It’s not news that technology has become an important factor in almost every aspect of our lives. More people are getting rid of traditional satellite TV and moving to streaming services, Alexa letting us know when to water our plants, and the average person spending almost 3 hours and 30 minutes of their day just on their phone. It’s safe to say technology is an essential part of our day-to-day lives.
It isn’t just limited to entertainment and convenience in our personal lives either; many of us could not do our jobs without technology. Whether we’re graphic designers whose entire role exists within a computer, to supermarkets whose tills use complex software to keep the shop running.
The Link Between Diversity, Inclusion and the Use of Technology
Our lives revolve around technology in many ways, which raises the question of why the UK is falling behind in adopting newer technology such as AI and deep learning in the workplace?
What if diversity in the technology industry is a related factor in whether or not your business will fall behind.
What does diversity have to do with technology?
A criticism often given to technology is that its level of diversity and inclusivity fall behind many other industries.
The technology sector is currently expanding 3 times faster than the rest of the UK economy, but the diversity numbers fall beyond other areas. Gender diversity is estimated at just 19% in tech, and this is compared to 49% in other industries. When you get to higher-level executive roles within the tech industry, gender diversity falls to just 5% of women in senior positions.
From a business perspective, McKinsey’s Diversity Matters Report found companies with high diversity levels are 33% more likely to outperform competitors.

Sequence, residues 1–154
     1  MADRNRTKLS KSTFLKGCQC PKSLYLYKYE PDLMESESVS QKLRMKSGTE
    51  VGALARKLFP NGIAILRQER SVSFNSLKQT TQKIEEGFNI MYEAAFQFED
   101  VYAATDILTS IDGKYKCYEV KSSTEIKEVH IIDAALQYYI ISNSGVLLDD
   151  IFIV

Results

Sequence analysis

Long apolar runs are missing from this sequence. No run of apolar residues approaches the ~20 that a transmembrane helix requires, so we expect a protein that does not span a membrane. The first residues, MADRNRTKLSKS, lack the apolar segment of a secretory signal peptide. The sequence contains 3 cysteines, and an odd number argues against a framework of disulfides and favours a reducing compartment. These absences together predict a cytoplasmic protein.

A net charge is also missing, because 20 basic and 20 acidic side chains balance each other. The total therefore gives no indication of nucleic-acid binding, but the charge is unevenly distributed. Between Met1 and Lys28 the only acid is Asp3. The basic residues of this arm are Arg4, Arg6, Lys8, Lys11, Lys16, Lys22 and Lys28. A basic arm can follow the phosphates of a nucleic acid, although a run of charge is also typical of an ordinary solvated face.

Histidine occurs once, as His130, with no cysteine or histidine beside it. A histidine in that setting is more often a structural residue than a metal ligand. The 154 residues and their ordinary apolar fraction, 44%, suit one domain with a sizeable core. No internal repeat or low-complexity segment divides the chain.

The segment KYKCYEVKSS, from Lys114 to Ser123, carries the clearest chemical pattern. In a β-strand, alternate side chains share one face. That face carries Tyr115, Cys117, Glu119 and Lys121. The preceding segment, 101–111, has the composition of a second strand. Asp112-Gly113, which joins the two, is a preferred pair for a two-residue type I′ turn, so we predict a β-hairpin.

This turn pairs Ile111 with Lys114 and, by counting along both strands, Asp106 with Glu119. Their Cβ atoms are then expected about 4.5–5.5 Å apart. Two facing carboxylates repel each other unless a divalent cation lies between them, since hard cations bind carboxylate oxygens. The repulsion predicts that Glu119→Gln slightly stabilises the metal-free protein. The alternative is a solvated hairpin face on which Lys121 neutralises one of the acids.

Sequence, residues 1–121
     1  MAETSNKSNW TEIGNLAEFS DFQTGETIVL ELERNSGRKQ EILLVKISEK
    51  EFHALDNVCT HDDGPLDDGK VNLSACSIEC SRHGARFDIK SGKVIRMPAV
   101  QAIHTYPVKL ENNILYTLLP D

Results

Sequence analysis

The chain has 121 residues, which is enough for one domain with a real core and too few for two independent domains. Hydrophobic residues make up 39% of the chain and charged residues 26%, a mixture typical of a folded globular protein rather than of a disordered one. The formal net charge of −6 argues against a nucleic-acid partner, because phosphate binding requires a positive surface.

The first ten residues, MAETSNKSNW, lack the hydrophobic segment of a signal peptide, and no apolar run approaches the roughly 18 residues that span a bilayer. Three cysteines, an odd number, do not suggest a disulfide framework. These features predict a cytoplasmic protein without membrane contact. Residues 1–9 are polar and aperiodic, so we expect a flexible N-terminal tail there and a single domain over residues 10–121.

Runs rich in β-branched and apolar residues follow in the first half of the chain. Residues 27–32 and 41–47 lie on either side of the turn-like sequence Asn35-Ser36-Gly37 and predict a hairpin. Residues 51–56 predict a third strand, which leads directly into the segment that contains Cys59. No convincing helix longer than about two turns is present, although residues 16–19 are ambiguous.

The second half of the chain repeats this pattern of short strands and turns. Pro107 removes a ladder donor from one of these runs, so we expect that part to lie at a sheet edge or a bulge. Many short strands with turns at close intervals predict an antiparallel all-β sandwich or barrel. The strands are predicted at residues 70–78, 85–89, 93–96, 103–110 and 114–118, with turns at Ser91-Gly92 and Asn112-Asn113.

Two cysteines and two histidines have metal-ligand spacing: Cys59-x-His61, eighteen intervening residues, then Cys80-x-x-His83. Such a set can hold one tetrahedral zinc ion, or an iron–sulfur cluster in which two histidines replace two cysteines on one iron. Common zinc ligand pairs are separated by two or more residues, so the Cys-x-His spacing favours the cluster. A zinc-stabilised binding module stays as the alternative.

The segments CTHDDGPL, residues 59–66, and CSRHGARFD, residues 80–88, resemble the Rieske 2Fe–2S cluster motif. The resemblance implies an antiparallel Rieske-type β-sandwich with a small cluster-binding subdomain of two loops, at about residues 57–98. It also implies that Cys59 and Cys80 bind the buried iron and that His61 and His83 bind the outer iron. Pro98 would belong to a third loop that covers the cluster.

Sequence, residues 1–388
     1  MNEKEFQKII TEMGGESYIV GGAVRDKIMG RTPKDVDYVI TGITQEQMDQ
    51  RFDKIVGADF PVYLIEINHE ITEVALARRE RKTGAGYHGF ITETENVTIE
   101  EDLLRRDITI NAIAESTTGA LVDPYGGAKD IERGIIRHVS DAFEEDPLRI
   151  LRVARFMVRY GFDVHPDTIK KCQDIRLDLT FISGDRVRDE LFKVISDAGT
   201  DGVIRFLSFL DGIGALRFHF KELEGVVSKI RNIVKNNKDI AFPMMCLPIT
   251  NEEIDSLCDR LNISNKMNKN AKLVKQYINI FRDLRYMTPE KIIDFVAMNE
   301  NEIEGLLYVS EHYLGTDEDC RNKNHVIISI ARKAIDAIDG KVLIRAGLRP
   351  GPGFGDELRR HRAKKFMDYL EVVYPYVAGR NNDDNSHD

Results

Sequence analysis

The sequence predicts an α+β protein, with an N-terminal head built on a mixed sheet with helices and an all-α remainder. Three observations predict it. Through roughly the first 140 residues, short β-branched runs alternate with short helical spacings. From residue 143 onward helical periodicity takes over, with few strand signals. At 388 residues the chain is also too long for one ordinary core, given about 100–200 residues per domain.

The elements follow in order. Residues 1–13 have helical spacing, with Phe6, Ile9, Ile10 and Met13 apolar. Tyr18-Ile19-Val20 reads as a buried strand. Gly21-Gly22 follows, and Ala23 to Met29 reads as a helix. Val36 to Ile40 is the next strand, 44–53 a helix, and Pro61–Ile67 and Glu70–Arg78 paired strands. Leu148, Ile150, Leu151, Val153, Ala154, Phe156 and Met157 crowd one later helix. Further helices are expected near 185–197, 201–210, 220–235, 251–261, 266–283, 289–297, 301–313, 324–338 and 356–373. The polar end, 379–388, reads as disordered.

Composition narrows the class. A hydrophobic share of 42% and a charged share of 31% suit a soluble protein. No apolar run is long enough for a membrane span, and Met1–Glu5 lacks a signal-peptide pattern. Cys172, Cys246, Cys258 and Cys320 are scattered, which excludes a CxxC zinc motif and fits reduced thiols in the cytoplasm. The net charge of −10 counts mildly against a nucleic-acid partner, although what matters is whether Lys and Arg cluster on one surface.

There are four types of diversity that can be found in the workplace.
- Internal – These are things individuals are born with that are difficult or impossible to change, such as ethnicity, age and gender.
- External – Refers to characteristics an individual is not born with, but are shaped by their experiences and circumstances such as education and appearance.
- Organizational – This refers to whether organizations have a wide variety of job functions, union affiliations and work locations.
- World View – Dealing with the experiences that shape how an individual views the world, such as their political leaning or cultural background.
When a company looks to create all four types of diversity, they create an inclusive environment where there is no status quo on how an employee should look, or be. Research shows employees who feel they work in an inclusive environment work harder and are more likely to tackle difficult tasks with a positive attitude due to their sense of purpose and loyalty.
These varied issues don’t just lead to a better work environment — they lead to a better product.
How does diversity create a better product?
Timnit Gebru, a Microsoft researcher and co-founder of Black in AI, says the lack of diversity will definitely affect the development of artificial intelligence and progress in computers:
“There is bias to what kinds of problems we think are important, what kinds of research we think are important, and where we think AI should go.
When problems don’t affect us, we don’t think they’re that important, and we might not even know what these problems are, because we’re not interacting with the people who are experiencing them.”
Gebru’s argument is that because there is a lack of diversity within technology, there is a lack of diversity in the technology it produces, especially when it comes to complex artificial intelligence.
When we look back at only 19% of tech workers being female and how Apple’s first promised “expanse” health app tracked blood alcohol but not menstruation cycles, you can understand why a more gender-diverse team may have seen this addressed before public release.
For many people, adopting new technology can be difficult because the technology is simply not built for them.